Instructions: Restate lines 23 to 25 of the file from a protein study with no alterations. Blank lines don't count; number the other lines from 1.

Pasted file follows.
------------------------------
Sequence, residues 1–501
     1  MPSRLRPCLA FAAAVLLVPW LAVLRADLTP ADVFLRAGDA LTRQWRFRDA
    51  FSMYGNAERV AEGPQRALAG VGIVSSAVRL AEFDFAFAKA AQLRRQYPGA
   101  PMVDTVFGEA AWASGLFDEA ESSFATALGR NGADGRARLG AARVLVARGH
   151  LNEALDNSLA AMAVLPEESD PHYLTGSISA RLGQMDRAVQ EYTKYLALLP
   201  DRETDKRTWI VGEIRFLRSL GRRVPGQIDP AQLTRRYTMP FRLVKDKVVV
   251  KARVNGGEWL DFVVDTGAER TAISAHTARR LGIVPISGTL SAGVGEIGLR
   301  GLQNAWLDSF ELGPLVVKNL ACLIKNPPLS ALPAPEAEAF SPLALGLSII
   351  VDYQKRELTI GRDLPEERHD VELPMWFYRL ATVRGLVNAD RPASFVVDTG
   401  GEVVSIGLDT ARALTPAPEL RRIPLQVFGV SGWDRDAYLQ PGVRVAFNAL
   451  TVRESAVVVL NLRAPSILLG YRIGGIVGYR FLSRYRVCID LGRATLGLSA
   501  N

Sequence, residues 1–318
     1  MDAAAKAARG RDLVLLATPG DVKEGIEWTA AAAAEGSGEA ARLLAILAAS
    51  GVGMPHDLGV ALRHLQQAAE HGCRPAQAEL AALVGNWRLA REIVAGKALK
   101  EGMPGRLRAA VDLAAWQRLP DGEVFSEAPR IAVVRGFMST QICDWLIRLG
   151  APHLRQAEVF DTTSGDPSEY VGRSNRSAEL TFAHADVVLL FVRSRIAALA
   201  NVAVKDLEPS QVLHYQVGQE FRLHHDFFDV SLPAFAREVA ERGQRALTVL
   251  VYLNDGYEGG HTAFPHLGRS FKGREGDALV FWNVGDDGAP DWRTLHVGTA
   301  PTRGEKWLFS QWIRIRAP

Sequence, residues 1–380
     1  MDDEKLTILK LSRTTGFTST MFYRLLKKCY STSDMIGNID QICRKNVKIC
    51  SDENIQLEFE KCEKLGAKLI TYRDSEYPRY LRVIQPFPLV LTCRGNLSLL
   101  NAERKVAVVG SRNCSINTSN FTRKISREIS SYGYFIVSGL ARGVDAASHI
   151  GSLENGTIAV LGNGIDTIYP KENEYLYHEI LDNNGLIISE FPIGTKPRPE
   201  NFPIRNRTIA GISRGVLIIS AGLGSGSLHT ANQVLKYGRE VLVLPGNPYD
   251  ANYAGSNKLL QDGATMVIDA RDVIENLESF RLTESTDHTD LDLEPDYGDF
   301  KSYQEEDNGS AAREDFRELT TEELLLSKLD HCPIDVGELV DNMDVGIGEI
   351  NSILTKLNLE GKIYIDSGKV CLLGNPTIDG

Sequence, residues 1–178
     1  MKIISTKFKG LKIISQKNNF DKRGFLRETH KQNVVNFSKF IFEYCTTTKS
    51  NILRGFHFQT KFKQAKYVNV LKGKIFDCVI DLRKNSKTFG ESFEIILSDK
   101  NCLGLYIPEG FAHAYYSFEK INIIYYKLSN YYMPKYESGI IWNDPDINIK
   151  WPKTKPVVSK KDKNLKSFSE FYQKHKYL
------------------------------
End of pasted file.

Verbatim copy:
    51  SDENIQLEFE KCEKLGAKLI TYRDSEYPRY LRVIQPFPLV LTCRGNLSLL
   101  NAERKVAVVG SRNCSINTSN FTRKISREIS SYGYFIVSGL ARGVDAASHI
   151  GSLENGTIAV LGNGIDTIYP KENEYLYHEI LDNNGLIISE FPIGTKPRPE